A story about a young Japanese girl fleeing Korea at the end of WWII, this is a children’s novel recommended by members of my book club. Published in 1986, the book has lost none of its relevance or punch. Eleven-year-old Yoko is living a happy secure life as the daughter of a Japanese official stationed in North Korea. Everything changes when the U.S. drops nuclear bombs and Japan surrenders. Yoko, her mother and her older sister, Ko, must abruptly flee Communists looking for revenge without her father or older brother. Having lived the experience, the author is able to bring Yoko to life as a spoiled little girl forced to get tough to survive. The writing is spare, scenes of death, rape and other atrocities delivered without sensationalism yet all the more compelling for the restraint. Will the family get back to Japan and be reunited in this riveting tale of escape and survival? Highly recommended for all ages.
This beautifully written memoir is done in verse but don’t let that scare you because it’s a terrific children’s book about a young African American girl growing up in the 1960s. This author is so gifted at evoking the period, you feel you are there. Jackie is born in Ohio, but takes frequent trips to South Carolina to visit her mother’s parents, fun-loving, gardener Grandpa Gunnar and uber religious Grandma Georgiana. Unlike Ohio, the region is still highly segregated and the pace of life much slower. When her parents divorce, Jackie and her siblings end up living with Grandma and Grandpa. In South Carolina, Jackie comes to love the environment and her grandparents despite the racial divide. It’s difficult for everyone when Jackie’s mom decides to move to New York, but Jackie and her siblings eventually adjust and come to love their life in the north as much as the south. Throughout the story, the characters all but leap off the page they are so relatable. A magnificent tour de force in children’s literature.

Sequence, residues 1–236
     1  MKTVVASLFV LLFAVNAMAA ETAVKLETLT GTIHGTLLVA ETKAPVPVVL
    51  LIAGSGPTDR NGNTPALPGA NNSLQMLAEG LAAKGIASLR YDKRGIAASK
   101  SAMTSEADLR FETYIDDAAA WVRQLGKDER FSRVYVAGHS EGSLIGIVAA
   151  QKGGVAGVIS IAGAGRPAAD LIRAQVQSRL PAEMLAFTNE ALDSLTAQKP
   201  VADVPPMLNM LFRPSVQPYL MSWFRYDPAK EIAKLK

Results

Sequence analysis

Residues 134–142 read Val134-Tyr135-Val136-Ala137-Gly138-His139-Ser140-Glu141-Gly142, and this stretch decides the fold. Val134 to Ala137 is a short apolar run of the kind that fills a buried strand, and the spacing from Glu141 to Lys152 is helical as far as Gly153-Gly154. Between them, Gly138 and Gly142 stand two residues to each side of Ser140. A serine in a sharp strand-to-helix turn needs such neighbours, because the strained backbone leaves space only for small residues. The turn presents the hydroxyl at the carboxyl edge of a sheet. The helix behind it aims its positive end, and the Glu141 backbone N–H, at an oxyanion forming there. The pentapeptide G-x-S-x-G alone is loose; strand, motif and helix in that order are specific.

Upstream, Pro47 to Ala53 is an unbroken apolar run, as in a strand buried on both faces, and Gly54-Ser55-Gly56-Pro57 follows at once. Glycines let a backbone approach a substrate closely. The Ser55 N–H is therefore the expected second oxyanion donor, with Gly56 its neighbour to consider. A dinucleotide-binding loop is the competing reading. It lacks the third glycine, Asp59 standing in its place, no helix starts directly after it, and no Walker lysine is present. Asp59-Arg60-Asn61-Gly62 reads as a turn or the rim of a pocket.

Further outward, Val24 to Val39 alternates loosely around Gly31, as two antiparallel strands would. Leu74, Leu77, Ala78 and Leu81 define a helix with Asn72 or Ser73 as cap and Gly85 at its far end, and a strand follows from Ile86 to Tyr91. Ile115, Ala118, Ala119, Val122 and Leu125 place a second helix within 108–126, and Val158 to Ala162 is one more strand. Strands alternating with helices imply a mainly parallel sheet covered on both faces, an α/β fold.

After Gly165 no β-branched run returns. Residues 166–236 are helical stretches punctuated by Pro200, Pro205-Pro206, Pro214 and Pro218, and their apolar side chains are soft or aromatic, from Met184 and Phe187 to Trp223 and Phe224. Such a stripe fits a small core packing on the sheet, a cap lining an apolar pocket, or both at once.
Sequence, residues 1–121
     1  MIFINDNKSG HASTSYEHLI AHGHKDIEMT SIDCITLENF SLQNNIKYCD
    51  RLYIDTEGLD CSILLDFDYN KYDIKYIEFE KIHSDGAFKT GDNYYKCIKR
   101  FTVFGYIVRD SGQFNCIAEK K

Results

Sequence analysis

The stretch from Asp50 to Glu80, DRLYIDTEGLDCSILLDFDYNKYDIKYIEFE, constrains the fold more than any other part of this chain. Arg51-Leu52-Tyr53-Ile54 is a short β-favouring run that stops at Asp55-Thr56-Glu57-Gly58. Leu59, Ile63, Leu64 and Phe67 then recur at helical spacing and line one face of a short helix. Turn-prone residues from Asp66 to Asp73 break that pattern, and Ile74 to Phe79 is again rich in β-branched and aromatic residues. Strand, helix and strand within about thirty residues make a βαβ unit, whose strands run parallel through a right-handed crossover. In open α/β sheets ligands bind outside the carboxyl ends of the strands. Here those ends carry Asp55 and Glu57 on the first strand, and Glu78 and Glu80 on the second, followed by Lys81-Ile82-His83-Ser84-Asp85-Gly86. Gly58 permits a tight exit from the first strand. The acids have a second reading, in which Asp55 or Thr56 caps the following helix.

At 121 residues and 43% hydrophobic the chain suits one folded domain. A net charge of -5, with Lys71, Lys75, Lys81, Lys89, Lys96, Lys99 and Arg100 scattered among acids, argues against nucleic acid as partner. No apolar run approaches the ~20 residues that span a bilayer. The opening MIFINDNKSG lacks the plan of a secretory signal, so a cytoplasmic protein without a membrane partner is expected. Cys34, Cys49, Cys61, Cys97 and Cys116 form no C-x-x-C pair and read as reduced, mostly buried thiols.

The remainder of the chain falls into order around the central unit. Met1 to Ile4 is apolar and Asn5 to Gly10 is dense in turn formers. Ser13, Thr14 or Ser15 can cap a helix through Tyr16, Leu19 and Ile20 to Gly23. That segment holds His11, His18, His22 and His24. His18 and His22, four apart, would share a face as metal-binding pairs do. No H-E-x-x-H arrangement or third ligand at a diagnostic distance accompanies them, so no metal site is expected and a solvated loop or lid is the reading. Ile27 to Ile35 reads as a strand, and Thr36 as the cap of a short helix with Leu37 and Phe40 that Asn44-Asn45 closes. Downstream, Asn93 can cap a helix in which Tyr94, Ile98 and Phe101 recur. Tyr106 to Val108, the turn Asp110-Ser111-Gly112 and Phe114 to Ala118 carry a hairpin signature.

In this whimsical children’s book, Charlie is a poor boy fascinated by a famous chocolate factory owned by mysterious Willy Wonka. He’s thrilled when five tickets are hidden inside candy bars granting a factory tour, but can only afford a few tries and none win. One day, he finds a coin, buys one more and gets a ticket! His Grandpa Joe, 96, goes with him on the tour. The first stop is the Chocolate Room where the kids meet the wonderfully strange Oompa Loompas who run the show. However, greedy Augustus is sucked up by a giant pipe after he falls into the chocolate river. In the Inventing Room, Violet, an obsessive gum-chewer, grabs experimental gum and becomes a giant blueberry. Spoiled Veruca, insists on going into the off-limits Nut Room where she is attacked by squirrels, deemed a bad nut and thrown down the garbage chute. Mike, an aspiring gangster addicted to TV, accidental shrinks himself in the Television Room. As the last child left, sweet Charlie wins a totally unexpected prize, one that changes his life forever. This book spawned two successful movies and is beloved by people of all ages everywhere.